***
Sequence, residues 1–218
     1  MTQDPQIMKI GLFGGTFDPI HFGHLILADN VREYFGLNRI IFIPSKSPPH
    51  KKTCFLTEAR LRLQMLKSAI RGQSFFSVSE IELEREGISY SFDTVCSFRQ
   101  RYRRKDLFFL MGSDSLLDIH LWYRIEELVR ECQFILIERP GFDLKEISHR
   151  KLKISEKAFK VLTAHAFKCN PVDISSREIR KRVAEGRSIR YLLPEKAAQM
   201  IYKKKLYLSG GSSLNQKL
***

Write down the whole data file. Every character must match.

Sequence, residues 1–218
     1  MTQDPQIMKI GLFGGTFDPI HFGHLILADN VREYFGLNRI IFIPSKSPPH
    51  KKTCFLTEAR LRLQMLKSAI RGQSFFSVSE IELEREGISY SFDTVCSFRQ
   101  RYRRKDLFFL MGSDSLLDIH LWYRIEELVR ECQFILIERP GFDLKEISHR
   151  KLKISEKAFK VLTAHAFKCN PVDISSREIR KRVAEGRSIR YLLPEKAAQM
   201  IYKKKLYLSG GSSLNQKL